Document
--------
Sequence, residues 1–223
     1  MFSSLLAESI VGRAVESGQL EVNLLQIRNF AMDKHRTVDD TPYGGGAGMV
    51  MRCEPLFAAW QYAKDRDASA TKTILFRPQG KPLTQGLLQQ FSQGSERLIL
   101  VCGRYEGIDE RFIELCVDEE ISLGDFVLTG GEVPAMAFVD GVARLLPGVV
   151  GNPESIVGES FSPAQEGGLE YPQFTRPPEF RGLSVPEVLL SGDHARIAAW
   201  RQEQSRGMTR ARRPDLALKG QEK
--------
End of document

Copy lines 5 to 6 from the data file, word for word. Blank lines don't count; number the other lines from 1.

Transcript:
   151  GNPESIVGES FSPAQEGGLE YPQFTRPPEF RGLSVPEVLL SGDHARIAAW
   201  RQEQSRGMTR ARRPDLALKG QEK